Of course, the franchisor’s first responsibility is to develop a brand and build a successful business model. This includes creating logos, trademarks, advertising slogans, etc. and continuing to refine and strengthen the brand name over time. A good franchisor also understands that in order for the brand to be successful, the company’s franchisees must be successful. To that end, the franchisor provides initial and ongoing training for franchisees and their employees and helps franchisees attract and keep clients by creating strong marketing and advertising campaigns. Because reliable suppliers can be difficult to find, the franchisor locates top-notch vendors and develops strong working relationships with them in order to secure the best prices and services for all franchisees. Additionally, the franchisor stays on top of industry trends and changes in technology to assure that the brand stays current and isn’t being outpaced by competitors with fresher ideas.

Franchisee’s Responsibilities

The franchisee isn’t an employee of the franchisor but is contractually obligated to implement the franchisor’s business model and to comply with company guidelines and standards. It’s the franchisee’s responsibility to promote the brand in a positive light and to adhere to the franchisor’s mission statement and core values. As the owner of their particular franchise location, the franchisee also has all the usual responsibilities that come with operating a business – paying the bills; hiring, training, and managing employees; meeting payroll; managing inventory; maintaining the office and work equipment; selling products and services; networking and promoting the business; overseeing customer relations; and more.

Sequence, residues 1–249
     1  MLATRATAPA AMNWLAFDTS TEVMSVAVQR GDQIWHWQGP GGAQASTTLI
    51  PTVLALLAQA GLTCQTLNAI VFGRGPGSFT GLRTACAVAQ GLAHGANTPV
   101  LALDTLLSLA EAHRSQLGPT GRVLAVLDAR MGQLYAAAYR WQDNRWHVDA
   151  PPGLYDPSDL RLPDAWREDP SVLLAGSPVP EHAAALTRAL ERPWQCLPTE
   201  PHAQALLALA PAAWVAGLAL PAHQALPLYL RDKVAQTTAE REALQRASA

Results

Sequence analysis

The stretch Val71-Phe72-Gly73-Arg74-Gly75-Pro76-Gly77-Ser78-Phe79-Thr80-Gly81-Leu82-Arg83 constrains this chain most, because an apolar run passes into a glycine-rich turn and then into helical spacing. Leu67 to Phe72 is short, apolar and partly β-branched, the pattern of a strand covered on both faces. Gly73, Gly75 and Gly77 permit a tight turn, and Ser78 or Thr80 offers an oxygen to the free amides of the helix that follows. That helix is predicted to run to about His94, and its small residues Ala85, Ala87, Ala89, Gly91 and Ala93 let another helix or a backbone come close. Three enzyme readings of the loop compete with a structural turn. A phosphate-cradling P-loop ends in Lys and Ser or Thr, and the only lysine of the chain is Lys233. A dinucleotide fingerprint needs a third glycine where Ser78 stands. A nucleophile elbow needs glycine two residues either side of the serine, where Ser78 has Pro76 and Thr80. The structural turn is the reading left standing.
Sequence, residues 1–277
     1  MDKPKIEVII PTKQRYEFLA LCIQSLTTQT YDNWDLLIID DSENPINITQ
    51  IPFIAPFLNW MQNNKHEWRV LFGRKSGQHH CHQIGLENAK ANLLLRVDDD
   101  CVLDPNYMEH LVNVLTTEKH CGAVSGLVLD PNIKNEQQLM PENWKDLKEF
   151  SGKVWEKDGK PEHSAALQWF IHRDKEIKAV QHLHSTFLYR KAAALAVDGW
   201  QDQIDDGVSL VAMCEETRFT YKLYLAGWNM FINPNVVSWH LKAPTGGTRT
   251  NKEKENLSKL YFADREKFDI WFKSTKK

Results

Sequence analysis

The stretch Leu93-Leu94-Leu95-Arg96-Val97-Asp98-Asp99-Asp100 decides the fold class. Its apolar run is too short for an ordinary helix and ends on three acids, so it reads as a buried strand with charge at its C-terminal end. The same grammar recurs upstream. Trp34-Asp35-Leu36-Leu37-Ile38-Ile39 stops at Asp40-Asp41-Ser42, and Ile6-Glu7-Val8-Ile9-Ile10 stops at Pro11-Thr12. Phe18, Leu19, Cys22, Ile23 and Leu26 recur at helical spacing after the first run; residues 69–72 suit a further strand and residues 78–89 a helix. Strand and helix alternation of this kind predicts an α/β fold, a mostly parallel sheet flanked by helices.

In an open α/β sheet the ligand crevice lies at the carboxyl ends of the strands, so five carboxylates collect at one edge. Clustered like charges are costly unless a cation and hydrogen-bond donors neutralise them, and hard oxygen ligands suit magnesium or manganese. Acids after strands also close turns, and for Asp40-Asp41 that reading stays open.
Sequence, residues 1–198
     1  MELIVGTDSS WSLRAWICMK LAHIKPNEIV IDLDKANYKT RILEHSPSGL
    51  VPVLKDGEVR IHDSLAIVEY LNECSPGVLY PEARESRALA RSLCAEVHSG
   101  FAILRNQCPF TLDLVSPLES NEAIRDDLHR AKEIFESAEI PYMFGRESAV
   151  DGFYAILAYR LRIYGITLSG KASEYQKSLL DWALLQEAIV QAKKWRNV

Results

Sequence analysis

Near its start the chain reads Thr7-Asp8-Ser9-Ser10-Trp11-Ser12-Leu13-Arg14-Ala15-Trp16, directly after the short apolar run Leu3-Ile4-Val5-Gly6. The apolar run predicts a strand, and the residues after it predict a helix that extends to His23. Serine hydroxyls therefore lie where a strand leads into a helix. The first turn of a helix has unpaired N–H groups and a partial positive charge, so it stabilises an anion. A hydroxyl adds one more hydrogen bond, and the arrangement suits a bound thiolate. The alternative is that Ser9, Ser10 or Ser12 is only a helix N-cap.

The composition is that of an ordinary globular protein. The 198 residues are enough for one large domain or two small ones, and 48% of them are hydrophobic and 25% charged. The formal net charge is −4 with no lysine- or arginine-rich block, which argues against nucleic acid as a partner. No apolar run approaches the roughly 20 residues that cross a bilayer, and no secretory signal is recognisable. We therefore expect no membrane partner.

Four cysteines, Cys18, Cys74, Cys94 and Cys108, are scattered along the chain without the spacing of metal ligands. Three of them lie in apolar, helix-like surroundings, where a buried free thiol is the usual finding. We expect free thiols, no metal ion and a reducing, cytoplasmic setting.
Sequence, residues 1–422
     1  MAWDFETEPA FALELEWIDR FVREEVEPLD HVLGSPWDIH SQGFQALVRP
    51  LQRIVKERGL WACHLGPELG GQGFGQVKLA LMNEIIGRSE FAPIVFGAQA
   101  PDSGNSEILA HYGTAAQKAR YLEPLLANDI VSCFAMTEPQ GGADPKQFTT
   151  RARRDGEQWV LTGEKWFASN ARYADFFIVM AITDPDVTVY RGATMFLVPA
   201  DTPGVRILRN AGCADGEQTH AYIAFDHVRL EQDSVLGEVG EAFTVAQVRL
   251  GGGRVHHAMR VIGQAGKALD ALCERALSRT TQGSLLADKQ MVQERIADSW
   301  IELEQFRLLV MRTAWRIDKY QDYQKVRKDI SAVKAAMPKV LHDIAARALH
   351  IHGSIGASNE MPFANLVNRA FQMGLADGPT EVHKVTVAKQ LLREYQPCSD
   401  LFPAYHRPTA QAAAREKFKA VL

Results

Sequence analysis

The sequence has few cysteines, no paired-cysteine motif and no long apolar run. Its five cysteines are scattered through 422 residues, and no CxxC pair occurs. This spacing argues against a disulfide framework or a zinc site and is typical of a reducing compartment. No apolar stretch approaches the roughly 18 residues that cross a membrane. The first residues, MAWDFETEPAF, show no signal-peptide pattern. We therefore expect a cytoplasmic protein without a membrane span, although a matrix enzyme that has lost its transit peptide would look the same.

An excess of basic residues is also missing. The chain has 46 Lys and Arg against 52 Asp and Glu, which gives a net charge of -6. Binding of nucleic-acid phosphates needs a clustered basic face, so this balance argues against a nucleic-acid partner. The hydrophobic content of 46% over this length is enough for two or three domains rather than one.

What are the Advantages of the Franchise Business Model?

One of the biggest advantages of purchasing a franchise is that it enables an entrepreneur to get a jump start in an industry by buying into an established brand with a proven business model. If you start a business from scratch, you’ll have to do market research, negotiate with vendors, create an advertising campaign, and estimate costs based on no previous experience. When you buy a franchise, however, you get a ready-made business. The franchisor does the research to ensure that your new location is being opened in a viable market. You then receive training on how to set up and operate your business based on the franchisor’s proven formula. You don’t have to find vendors or figure out how much inventory to stock; you don’t have to come up with a marketing strategy or create a customer relationship management system – your franchisor has already done the hard work for you.

Furthermore, you receive ongoing support once your business is up and running. A good franchisor will continue to provide training, networking opportunities with other franchisees, new marketing tools, updates on industry trends, and much more. While you get to be the boss at your location, you have the comfort of knowing that an entire team is working to build the brand and to encourage success for the whole company.

Why Should I Buy a Cabinet IQ Franchise?

Cabinet IQ is a high-tech cabinet and countertop company that is transforming the kitchen and bathroom remodeling industry. Just as we provide our customers with outstanding quality, service, and value, we present potential franchisees with a five-star brand and business model. Currently, we’re offering a ground-floor opportunity to entrepreneurs who are self-motivated and determined to succeed. If you’re ready to open a new business and want to know more about how franchising works, our franchise development team can answer all of your questions. Fill out and submit the form on our website to get started on your franchise journey today.

Published On: May 24th, 2022 / Categories: Featured, News /